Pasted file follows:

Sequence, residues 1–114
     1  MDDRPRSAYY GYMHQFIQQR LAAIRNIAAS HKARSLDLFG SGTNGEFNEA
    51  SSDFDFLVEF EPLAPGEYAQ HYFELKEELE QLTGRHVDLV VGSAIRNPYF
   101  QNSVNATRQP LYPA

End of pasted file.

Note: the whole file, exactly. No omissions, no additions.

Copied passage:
Sequence, residues 1–114
     1  MDDRPRSAYY GYMHQFIQQR LAAIRNIAAS HKARSLDLFG SGTNGEFNEA
    51  SSDFDFLVEF EPLAPGEYAQ HYFELKEELE QLTGRHVDLV VGSAIRNPYF
   101  QNSVNATRQP LYPA